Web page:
The Handmaid’s Tale: The Book I’ve Been Meaning to Read

My mother is an adamant reader. She embarked on this challenge with me, and the task to read 12 books in a year has taken her less than a month. Since she reads such an incredible amount I have always turned to her for suggestions. I have always been a bit of an anarchic feminist, so when she finished The Handmaid’s Tale and insisted that the “Feminist Me” would prosper, I picked it up immediately.

The first time I sat down to read The Handmaid’s Tale by Margaret Atwood I had just graduated high school. My mom had taken me to the Hershey Park Spa for my graduation present, and there was a lot of waiting to be done. The Handmaid’s Tale is dystopian, in a way. It paints the picture of a society where the United States is overthrown by Christian religious extremists who throw the country in a patriarchal system that rivals North Korea. Women are assigned duties within their assigned households: those who cook and clean – The Marthas, those who are officially the women of the house – The Wives, and those who are only used as vessels for bearing children – The Handmaids.

In this new society, everything is rigidly monitored, especially the creation of children. Women must wear government issued, color coordinated uniforms that remove any and all personality and sexuality from clothing. Everything in its place.
Apparently nuclear explosions and different chemicals and pesticides rendered child bearing unlikely before the time of “The Eye” and their new government. Children became rare gems, only for the wealthy and privileged to raise. Women became property. In the transition to this new society of assigned ranks women were “relieved” of their job and property owning burdens. Now they exist only to better the house of the men.
The Aunts, who are the women who train the Handmaids, true believers of the system, inform the girls that the previous life that they were living caused people to die from so much choice. Now there is no freedom to choose, only the freedom to conceal.

The first time I sat down to read this book I was horrified. What if this happened to me? What if the future this tale is spinning is not too far off? I imagine it was quite a similar feeling to reading George Orwell’s 1984 in 1980.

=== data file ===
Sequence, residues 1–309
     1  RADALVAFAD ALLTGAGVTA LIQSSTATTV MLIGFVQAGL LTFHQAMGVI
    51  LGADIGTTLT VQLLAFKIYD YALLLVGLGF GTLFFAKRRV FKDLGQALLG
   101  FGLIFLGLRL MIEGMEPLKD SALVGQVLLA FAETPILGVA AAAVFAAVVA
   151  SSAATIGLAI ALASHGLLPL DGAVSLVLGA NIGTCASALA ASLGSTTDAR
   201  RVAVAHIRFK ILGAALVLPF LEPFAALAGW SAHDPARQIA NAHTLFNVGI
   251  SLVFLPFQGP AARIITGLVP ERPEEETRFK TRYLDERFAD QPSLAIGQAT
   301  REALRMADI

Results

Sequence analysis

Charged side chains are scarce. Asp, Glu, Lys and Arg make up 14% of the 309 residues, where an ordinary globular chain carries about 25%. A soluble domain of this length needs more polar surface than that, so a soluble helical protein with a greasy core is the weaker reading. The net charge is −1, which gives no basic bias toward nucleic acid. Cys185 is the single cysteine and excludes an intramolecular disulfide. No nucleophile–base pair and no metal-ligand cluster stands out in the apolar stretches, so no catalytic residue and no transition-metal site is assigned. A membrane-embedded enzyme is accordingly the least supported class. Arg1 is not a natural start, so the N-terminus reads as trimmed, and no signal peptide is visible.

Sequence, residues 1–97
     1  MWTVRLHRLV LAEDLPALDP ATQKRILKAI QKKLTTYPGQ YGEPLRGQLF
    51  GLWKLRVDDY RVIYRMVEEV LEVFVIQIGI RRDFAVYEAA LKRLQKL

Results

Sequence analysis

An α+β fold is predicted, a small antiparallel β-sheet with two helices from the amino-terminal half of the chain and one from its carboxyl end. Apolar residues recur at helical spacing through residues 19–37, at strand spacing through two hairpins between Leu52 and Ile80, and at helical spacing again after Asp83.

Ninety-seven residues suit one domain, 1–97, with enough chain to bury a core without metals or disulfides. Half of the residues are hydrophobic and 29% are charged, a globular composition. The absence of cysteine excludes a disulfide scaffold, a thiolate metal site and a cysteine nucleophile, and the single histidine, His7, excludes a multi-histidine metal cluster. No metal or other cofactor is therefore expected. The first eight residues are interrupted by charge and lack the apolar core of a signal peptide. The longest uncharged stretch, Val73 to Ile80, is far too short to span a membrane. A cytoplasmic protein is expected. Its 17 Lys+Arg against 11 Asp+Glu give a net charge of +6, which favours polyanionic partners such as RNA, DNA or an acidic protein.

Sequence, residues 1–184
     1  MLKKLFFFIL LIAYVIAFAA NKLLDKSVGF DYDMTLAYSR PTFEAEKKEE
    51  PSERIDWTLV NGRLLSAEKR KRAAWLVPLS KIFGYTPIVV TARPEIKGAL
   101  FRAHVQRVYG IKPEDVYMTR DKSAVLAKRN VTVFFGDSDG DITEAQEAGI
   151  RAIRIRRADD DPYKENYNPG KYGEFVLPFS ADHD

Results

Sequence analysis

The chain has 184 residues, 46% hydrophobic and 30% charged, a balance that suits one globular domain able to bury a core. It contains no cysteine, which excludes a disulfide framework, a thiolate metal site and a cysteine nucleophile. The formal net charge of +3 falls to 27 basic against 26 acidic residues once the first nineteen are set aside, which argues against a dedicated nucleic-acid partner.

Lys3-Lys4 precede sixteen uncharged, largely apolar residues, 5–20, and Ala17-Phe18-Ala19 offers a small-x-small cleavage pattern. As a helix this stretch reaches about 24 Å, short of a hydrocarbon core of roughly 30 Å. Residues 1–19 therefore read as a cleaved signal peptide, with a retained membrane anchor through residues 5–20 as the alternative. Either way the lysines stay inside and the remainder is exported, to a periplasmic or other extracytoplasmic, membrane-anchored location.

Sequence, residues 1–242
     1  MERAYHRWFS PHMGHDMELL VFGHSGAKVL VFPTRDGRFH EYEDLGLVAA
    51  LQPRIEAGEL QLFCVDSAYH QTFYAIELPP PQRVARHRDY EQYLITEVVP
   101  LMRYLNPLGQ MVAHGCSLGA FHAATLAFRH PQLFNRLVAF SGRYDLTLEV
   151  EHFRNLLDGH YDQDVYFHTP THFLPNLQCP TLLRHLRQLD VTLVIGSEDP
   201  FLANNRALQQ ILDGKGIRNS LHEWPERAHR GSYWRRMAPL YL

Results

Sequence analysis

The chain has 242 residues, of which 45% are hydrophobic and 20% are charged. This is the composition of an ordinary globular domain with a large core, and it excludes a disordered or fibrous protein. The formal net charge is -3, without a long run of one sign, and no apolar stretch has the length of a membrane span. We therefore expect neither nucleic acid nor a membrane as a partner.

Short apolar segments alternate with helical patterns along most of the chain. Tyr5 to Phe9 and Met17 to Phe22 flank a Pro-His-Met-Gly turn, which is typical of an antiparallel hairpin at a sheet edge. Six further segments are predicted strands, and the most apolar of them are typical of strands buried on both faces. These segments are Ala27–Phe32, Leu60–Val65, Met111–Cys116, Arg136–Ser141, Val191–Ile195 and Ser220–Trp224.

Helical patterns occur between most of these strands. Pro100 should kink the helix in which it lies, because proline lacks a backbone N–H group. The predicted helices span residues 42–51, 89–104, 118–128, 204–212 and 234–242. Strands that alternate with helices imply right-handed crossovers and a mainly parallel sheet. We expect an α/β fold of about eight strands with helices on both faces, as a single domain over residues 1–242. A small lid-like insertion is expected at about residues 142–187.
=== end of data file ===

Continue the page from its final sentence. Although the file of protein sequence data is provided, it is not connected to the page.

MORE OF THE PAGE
I had to put it down.

I convinced myself that I put it down because there wasn’t enough time. I was working full-time as well as taking summer classes, so it’s true that there wasn’t much time, but the reality was that I was disturbed.
I picked up the book last week, intending to read it over the course of the month, but I have less than 50 pages to go.

The story is terrifying in the most important way: to inspire change.

This book makes the implication that women do not own their own bodies. While they physically cannot choose, in this novel, what they do with their lives, there is a grain of truth in this concept in today’s world.

Women are still fighting for reproductive rights, equal pay, and general respect. This scares me. I never want to live in a world where anyone is not considered a person because of their gender or even because of their social standing.
Equality for everyone is important. It doesn’t start with legislation, it starts with us. It starts with saying something to stop a sexual harassment that you are witnessing. It starts with agreeing to use someone’s preferred pronouns. It starts with respecting everyone that you meet.

The revolution will not be televised, it will be experienced.

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